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‘Only the Most Serious Sanction Is Sufficient’: Feds Seek Life Sentence for Michigan Man Convicted in Gov. Whitmer Kidnapping Plot

Adam Fox and Gretchen Whitmer

Prosecutors seek a life sentence for Adam Fox following his conviction in the Gov. Gretchen Whitmer kidnapping plot.

After a second jury rejected his entrapment defense, a Michigan man convicted of a plot to kidnap Gov. Gretchen Whitmer (D) faces the possibility of spending the rest of his life behind bars.

On Monday, federal prosecutors sought to impose that maximum punishment against Adam Fox.

“When the aim of that kidnapping is to terrorize the people and affect the conduct of government, it is so pernicious that only the most serious sanction is sufficient,” Assistant U.S. Attorney Nils R. Kessler wrote in a blistering sentencing memo.

In the U.S. federal system, life sentences do not carry the possibility of parole.

“It Was a Bona Fide ‘Revolution'”

For prosecutors, the punishment fits the “terrorist acts” that Fox sought to perpetrate.

“This was no ‘run of the mill’ kidnapping plot,” the memo states. “He targeted not just any victim, but an official victim; and not just any official, but the head of a state. He was no follower; he was an active recruiter and prime mover. The terrorism enhancement here literally takes Fox’s Guideline score off the chart. But it applies. His goal was not personal gain; it was a bona fide ‘revolution.'”

When prosecutors unveiled charges against Fox and his co-defendants in October 2020, the indictment called attention to profound turmoil in the United States, less than a month away from the presidential election. The alleged kidnapping plotters expressed deep opposition to COVID-19 lockdowns, referring to Whitmer as a “tyrant” for policies encouraging physical distancing. Nationwide protests took thousands out of social isolation and out into the streets for racial justice protests, which sometimes devolved into riots.

Amid this social unrest, then-President Donald Trump stoked unfounded fears about the reliability of mail-in voting, which would ultimately boil over into a storming of the U.S. Capitol on Jan. 6, 2021. The federal indictment of Fox and five of his suspected co-conspirators had been widely viewed as a harbinger of the threat of domestic terrorism in a divided nation. Threats against other elected officials soon proliferated.

“If our elected leaders must live in fear, our representative government suffers,” the sentencing memo noted. “A plan to kidnap and harm the Governor of Michigan is not only a threat to the officeholder but to democracy itself.”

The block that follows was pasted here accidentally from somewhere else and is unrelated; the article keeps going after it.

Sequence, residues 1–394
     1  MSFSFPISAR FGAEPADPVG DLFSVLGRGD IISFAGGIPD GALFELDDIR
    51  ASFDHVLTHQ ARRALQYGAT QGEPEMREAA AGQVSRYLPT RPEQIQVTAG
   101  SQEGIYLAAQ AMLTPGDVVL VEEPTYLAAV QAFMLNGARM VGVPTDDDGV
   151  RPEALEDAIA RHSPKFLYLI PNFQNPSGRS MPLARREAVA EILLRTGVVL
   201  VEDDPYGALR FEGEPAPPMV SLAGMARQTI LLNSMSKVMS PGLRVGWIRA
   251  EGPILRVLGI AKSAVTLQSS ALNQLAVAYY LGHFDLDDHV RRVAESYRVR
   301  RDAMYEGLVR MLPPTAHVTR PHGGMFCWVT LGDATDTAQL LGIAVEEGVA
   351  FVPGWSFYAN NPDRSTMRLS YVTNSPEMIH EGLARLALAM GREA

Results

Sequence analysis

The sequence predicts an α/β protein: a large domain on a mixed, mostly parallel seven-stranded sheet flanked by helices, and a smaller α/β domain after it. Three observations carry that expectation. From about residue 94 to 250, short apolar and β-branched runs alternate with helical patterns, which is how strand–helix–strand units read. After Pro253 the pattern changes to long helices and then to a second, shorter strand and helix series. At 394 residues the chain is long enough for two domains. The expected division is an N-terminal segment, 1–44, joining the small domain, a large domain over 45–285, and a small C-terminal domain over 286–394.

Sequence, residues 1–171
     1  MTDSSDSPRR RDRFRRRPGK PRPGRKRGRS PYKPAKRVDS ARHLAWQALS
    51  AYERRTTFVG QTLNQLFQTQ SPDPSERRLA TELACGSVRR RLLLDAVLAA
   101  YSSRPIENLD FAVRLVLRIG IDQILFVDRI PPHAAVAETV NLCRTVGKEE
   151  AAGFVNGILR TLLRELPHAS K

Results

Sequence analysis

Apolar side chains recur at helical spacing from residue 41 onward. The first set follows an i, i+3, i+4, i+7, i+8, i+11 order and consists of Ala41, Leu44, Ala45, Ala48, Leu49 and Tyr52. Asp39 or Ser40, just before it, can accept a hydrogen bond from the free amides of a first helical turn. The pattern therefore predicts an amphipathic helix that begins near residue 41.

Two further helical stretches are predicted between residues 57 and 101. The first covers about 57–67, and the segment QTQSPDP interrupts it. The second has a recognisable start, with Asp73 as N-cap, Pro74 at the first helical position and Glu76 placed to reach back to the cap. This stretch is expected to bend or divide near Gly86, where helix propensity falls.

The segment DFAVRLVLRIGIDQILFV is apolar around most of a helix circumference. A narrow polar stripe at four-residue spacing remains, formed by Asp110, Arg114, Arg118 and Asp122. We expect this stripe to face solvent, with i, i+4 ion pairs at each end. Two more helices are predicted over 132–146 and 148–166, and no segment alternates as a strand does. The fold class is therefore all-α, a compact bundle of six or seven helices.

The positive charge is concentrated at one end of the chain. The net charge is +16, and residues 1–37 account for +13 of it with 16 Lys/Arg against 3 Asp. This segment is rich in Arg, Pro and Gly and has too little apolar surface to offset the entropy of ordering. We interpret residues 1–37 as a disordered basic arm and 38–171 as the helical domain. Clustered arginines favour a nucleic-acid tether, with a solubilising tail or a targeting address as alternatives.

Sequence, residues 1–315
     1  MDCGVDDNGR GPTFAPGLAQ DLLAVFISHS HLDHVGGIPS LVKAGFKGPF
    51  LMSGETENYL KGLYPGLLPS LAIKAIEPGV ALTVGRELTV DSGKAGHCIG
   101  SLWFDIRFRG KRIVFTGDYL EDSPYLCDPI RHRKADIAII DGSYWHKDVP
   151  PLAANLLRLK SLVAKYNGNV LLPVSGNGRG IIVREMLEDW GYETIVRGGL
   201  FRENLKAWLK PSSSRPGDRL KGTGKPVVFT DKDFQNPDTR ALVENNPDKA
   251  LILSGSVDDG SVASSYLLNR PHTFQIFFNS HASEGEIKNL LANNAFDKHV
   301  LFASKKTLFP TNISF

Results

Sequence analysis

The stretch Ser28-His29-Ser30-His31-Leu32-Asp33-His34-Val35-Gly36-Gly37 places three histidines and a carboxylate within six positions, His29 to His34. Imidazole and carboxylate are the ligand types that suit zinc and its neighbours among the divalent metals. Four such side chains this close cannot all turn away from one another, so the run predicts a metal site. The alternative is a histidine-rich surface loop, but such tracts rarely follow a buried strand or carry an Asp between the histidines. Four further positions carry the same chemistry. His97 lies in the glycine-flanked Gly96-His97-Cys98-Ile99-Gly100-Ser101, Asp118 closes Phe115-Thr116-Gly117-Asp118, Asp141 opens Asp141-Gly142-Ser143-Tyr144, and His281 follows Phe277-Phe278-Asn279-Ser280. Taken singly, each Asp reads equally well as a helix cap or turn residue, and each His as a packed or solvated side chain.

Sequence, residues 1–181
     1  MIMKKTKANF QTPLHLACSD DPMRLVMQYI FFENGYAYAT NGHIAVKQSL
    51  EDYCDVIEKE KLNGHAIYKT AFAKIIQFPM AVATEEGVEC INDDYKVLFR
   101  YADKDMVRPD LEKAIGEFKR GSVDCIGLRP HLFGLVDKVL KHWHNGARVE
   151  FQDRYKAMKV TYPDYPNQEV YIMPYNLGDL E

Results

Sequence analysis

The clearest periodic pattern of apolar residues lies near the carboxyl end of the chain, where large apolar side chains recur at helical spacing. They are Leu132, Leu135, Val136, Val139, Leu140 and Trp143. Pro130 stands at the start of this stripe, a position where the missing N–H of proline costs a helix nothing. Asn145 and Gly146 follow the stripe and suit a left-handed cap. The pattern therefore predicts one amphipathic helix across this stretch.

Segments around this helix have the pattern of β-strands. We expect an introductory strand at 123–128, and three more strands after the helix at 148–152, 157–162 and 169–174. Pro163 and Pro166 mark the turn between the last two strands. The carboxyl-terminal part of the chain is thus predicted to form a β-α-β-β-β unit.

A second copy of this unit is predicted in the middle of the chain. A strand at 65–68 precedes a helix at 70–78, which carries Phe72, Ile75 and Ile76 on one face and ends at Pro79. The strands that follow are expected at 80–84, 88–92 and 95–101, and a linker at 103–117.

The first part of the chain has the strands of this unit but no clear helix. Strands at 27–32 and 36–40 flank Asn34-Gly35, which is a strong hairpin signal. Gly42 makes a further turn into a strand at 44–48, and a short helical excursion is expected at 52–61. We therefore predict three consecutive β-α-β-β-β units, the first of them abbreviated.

“Our Constitution Works”

Just as the case reflected the national divisions of the time, the prosecution ignited its own controversy once the FBI’s infiltration of the group became apparent. Along with Fox, the other defendants — Barry Croft Jr., Daniel Joseph Harris, and Brandon Caserta — accused the government of entrapment. Two others, Ty Garbin and Kaleb Franks, pleaded guilty, with the latter specifically telling a judge that he and others were “not entrapped.”

In the post-9/11 era, the FBI has increasingly sent informants to penetrate foreign and domestic extremist groups in an effort to prevent terrorist attacks. Law enforcement groups defend that practice under the banner of so-called “preventative policing.” Civil libertarian groups have denounced the practice, often comparing it to the fictionalized “precrime” of the science fiction story turned Hollywood blockbuster Minority Report.

Though routinely alleged in domestic and foreign terrorism cases, entrapment claims are difficult to prove: They require a jury to find defendants were not predisposed to commit the crimes charged and would not have done so absent an inducement. On this question, two sets of juries remained divided. The first convicted Harris and Caserta — but hung on Fox and Croft, who were two of the defendants also charged with weapons of mass destruction charges.

Both men were ultimately convicted by the second jury, and prosecutors said that both deserve heavy punishment.

“The sentence imposed by this Court should reflect the incredibly dangerous threat posed by Adam Fox and Barry Croft’s attempt to light the fire of a second revolution,” the memo states.

The government’s sentencing memo caps off with a quotation from former President Gerald Ford found on the federal courthouse: “Our Constitution works; our great Republic is a government of laws and not of men.”

“This Court’s sentence should affirm that message by demonstrating the rule of law will defend itself against political violence and anti-government extremism,” the memo concludes.

Fox’s attorney did not immediately respond to Law&Crime’s email requesting comment.

(Image of Fox via mugshot; photo of Whitmer by Bill Pugliano/Getty Images)

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Law&Crime's managing editor Adam Klasfeld has spent more than a decade on the legal beat. Previously a reporter for Courthouse News, he has appeared as a guest on NewsNation, NBC, MSNBC, CBS's "Inside Edition," BBC, NPR, PBS, Sky News, and other networks. His reporting on the trial of Ghislaine Maxwell was featured on the Starz and Channel 4 documentary "Who Is Ghislaine Maxwell?" He is the host of Law&Crime podcast "Objections: with Adam Klasfeld."